Investing decisions should be based on an interplay of factors such as goals, needs, risk appetite and aspirations. Therefore, there cannot be one common allocation for all investors, says Rahul Baijal, senior fund manager, equities, HDFC AMC in an interview with MintGenie.
He also speaks about the performance of funds across market capitalization spectrum, and the reasons for mid and small cap funds being more volatile in comparison to their larger counterparts.
June witnessed a net inflow of over ₹2,000 crore in small cap funds on account of stellar rally in the mid and small segments.
He explains why Nifty P/E multiples look more reasonable now. He is upbeat about some of the banking stocks, and the stocks that are likely to gain from the capex upcycle in India.
Recently, large cap funds saw a huge outflow of funds in the month of June. Since you manage Top 100 Fund, we would like to ask you about your views on the future outlook of large caps in general?
Historically, the large cap index in India has delivered returns, broadly in line with the nominal GDP growth of the country (5 year and 10 year rolling return in Nifty 100 has been ~12% as of 30th June 23, 5-year and 10-year nominal GDP growth has been ~10% & ~11% as of FY23).
As India continues to grow over the long term and given the growth projections for India by some of the agencies, Indian equities, including large caps, have brighter prospects.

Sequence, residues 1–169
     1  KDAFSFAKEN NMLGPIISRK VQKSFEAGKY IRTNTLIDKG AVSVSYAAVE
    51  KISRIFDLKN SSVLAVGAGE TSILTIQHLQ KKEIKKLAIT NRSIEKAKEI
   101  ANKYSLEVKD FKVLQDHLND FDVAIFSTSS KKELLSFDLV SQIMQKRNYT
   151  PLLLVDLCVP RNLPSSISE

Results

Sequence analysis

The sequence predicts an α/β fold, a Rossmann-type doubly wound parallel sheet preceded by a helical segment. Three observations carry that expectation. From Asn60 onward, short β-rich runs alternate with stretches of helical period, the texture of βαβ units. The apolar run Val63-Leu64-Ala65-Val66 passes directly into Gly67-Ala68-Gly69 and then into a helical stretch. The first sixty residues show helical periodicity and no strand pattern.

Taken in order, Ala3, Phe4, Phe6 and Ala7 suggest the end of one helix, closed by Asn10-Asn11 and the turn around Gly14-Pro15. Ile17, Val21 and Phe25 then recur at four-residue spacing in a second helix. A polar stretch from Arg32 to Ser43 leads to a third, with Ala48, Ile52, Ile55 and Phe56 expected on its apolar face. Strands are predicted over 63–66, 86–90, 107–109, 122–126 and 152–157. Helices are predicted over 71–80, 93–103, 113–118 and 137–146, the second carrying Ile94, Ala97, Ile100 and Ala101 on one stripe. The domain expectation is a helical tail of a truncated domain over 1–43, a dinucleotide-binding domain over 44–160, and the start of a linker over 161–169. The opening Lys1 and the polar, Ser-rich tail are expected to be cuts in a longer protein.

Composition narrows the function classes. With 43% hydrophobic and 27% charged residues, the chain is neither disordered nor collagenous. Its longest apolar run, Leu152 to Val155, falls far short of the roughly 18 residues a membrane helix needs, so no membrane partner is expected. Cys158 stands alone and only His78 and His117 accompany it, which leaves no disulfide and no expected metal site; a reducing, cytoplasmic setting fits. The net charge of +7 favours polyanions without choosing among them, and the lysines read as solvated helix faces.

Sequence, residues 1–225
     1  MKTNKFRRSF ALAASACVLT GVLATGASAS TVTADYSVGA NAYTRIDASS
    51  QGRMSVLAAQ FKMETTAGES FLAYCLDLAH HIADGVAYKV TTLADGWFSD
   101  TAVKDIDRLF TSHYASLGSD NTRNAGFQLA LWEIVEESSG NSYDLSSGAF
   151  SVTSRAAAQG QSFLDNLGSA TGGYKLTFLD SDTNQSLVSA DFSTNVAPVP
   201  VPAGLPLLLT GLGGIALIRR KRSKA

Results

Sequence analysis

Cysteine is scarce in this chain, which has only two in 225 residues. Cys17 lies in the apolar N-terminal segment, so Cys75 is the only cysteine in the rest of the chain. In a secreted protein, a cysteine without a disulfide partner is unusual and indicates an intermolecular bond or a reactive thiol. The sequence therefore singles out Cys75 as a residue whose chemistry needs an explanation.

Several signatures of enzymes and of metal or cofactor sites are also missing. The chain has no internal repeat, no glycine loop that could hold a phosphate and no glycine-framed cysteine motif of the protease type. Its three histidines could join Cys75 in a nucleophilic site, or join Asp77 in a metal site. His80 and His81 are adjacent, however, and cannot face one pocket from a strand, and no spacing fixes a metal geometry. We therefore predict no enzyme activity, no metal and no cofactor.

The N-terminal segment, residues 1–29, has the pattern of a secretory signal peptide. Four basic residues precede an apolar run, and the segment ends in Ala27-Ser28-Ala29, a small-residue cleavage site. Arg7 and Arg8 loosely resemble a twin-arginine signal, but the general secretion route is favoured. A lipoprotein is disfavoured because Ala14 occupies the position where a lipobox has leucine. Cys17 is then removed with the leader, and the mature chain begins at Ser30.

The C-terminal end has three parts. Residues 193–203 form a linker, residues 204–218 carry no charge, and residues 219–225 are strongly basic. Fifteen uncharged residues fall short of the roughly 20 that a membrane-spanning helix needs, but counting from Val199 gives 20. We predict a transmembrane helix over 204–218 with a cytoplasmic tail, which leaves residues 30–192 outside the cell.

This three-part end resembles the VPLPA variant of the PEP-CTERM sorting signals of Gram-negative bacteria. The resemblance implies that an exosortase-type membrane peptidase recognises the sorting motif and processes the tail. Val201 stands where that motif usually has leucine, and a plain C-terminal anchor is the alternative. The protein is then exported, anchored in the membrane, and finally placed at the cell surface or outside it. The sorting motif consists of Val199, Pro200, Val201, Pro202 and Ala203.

Large caps as a segment continue to offer opportunity to investors looking for medium to long term investments as most of the companies in large cap space predominantly have proven business models, run by good management teams, and also provide stability to the portfolio during market downturns.
With the current outperformance of mid and small caps over large caps, the segment is now relatively attractive in terms of valuations. On an absolute basis also, the premium to its own history has also come down (NIFTY 100 is trading at 19x on 1 year forward PE basis which is a 12% premium to the 10-year average of 17x).
On an average, how much allocation - according to you - should small investors make to large cap funds?